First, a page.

The book contains articles on general topics, like “The Science of Symbols” and “Emotion as a Cause of Disease According to Chinese Medicine.”  In addition, there the techniques are based on sound counselling principles further enlightened by the insights from the foundations of Yin/Yang and the Five Elements.

The application of Five Element theory is expounded in several sections. First, a there is a general description of each of the elements in relation to work with a client. Following, there are sections on “A Five Phase Approach for Inspiring Your Practice and Creating a Healing Relationship,” “Five Phases to Guide Your HeartMind Session” and “Five Phases of a Session and Required Skill Set” that includes some options for Point Selection.

In another section she outlines the steps of a session rooted in the HeartMind principles.

  • Educate and Clarify Goals
  • Promote Self-Awareness
  • Resonate and Observe
  • Communicate Effectively
  • Work with Emotional Intelligence

Each of these steps is accompanied by an explanation of the principles involved and detailed descriptions of techniques.  For instance, under “Promote Self-Awareness,” there is a discussion of the characteristics of Mindfulness, studies of Mindfulness and the brain, how to use it therapeutically, and the attitudes necessary for the practitioner. The Method section includes step-by-step techniques: “Personal Wisdom in Tension, Discover the Pattern,” and “Compare Released and Unreleased Areas of the Body.”

Deborah V. Smith

What’s Under the Surface?

What’s Under the Surface?

With the great conjunction of Jupiter and Saturn that happened on December 21, we are at the beginning of a 20-year cycle that can help create a shift in our individual and collective orientation. The COVID virus has already started that shift. It has been the catalyst for change that wants to happen. Change starts with a desire to move in a certain direction. The beginning of a new calendar year is a natural time to reassess how we want to direct our energies.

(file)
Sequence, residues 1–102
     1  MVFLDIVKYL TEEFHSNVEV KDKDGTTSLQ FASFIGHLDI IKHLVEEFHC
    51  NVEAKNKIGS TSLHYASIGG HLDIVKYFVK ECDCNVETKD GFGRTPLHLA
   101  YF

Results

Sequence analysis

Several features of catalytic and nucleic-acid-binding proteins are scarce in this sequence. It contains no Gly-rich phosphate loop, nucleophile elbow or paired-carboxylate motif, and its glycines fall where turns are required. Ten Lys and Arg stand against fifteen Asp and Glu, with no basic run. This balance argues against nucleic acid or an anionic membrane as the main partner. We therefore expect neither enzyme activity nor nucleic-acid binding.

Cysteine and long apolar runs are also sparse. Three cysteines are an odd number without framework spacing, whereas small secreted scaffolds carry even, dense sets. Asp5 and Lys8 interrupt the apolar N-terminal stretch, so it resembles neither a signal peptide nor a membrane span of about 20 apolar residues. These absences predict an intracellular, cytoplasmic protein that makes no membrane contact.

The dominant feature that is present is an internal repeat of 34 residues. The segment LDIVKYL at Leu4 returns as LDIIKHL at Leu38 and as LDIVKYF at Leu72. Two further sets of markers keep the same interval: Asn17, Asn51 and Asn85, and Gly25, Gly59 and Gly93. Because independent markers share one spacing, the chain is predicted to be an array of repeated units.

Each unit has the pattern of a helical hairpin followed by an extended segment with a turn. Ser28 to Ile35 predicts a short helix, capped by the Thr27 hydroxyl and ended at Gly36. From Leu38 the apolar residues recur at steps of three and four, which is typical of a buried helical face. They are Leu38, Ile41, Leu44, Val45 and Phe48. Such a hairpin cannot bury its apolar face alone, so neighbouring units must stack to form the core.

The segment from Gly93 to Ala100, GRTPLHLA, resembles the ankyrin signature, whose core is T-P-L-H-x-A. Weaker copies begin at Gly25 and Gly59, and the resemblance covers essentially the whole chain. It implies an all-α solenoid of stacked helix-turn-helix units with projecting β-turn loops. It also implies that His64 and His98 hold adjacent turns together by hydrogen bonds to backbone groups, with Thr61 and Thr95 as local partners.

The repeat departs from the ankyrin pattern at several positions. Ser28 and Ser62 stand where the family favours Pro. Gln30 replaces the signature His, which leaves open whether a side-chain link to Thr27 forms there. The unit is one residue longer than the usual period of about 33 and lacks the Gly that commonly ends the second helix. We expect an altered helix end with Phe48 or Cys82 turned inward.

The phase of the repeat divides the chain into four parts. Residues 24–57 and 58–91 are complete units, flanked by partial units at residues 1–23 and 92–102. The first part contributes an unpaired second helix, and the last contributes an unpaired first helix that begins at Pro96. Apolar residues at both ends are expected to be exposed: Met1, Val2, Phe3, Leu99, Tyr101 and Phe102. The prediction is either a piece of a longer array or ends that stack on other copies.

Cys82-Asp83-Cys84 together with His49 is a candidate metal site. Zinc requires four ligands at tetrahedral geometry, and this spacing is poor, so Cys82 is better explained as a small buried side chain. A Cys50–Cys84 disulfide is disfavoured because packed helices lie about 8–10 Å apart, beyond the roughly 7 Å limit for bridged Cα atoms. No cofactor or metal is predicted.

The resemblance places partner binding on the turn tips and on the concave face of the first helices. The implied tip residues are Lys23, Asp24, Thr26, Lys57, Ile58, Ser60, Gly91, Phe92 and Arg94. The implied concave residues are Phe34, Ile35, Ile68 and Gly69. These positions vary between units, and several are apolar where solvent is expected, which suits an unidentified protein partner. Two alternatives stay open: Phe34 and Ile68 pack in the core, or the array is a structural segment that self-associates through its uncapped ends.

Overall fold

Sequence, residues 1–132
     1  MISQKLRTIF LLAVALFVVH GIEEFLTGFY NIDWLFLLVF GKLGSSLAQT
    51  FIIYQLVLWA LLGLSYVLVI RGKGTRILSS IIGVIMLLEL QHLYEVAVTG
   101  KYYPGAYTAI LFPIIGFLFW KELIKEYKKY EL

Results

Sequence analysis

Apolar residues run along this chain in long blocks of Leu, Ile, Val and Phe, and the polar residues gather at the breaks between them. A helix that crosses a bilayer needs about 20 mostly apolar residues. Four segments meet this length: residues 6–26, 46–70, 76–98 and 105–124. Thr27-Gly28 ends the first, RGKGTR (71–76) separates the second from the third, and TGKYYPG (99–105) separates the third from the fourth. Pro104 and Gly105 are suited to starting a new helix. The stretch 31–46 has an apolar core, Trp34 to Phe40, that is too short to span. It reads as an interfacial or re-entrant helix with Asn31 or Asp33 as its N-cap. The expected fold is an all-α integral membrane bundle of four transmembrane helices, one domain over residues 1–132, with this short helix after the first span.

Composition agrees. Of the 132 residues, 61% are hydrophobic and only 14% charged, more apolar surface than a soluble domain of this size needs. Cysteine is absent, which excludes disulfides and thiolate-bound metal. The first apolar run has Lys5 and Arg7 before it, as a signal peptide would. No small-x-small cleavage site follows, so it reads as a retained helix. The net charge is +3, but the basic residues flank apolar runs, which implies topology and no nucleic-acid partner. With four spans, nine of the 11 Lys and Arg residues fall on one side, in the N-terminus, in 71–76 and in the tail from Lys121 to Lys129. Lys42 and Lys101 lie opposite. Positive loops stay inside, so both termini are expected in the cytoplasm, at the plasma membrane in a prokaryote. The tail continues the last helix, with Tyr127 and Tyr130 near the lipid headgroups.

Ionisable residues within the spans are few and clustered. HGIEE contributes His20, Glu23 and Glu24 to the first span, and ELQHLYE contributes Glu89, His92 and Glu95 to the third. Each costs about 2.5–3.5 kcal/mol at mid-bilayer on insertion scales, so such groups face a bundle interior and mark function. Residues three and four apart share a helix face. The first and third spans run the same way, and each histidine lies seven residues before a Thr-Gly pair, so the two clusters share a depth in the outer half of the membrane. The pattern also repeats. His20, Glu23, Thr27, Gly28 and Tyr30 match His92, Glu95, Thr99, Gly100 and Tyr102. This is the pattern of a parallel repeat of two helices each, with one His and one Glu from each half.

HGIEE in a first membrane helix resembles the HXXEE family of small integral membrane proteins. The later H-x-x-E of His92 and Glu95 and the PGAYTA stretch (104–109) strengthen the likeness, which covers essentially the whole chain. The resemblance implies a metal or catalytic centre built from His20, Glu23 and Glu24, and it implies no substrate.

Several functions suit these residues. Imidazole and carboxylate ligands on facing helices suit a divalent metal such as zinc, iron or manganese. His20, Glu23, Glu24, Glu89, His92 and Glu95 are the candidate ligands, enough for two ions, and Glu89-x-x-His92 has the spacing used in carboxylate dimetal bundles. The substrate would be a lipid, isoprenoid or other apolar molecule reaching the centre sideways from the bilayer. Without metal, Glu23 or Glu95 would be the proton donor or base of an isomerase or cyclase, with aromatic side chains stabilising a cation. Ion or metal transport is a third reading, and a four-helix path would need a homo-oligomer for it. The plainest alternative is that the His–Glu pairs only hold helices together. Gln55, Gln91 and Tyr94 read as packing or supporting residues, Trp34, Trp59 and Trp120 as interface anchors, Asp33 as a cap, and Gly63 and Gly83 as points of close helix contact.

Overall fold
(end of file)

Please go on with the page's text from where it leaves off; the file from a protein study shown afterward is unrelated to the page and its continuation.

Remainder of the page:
We may sense that there are seed ideas, inklings and intuitions germinating under the surface in our psyches. Maybe right now they are general directions like, I want to optimize my health, or I want more connection, or I want to work for social change, or I want to open to my truest potential. Seeds that germinate during the winter naturally sprout in the spring.

But seeds need the right environment to reach their greatest potential. They need quiet, the right mix of darkness and light, enough moisture, proper nutrients, and fertile surroundings that inform them. So, what does that mean for you? What will help your seeds germinate and become clarity of vision and purposeful action?

Not surprisingly, I would suggest that the regular practice of qigong and meditation with a community of like-minded people are examples of nurturing processes that cultivate clarity, keep the body healthy and strong, help you stay balanced and centered, and fertilize the ground of being. When we move together with others we stay on course and our efforts are multiplied.

The community of the Moon and Lotus Center for Movement and Healing invites you to join our qigong and meditation circles and see if they are a good fit.

See Event Calendar for current class offerings. Sign up to receive our newsletter with class details and schedule.

Embodied and Present

Embodied and Present

2020 has been a year that has tested us to the max. There has been the covid pandemic, renewed racial awareness, civic unrest, unruly political debates, increased fires and hurricanes. Many people have lost loved ones and their homes. There is a lot of grieving, fear, anger and resistance going on inside. Each of us has our own way of reacting and coping which may look like numbing out, getting distracted, complaining and criticizing, ignoring our feelings, over-working or getting lost in overwhelm.

How can we let go of reactivity and respond from a place of feeling truly present, authentic, and grounded in our physical being? I do not have answers, but I do know that we have many resources. Being comfortable and present in our bodies is one of the most tangible and least considered. To relax into the body with increased awareness of its messages and be able to shake off stress to release the nervous system is an important skill. When we relax, we can soften, open, change patterns and feel spacious in the body and mind. In this spaciousness we can find a fresh connection to ourselves, each other, and current life events. Even if we touch  into this greater source of inner spaciousness and creativity regularly for just a few moments at a time, we start to see that we can respond to outer chaos with greater confidence, better boundaries, and a steady sense of inner presence.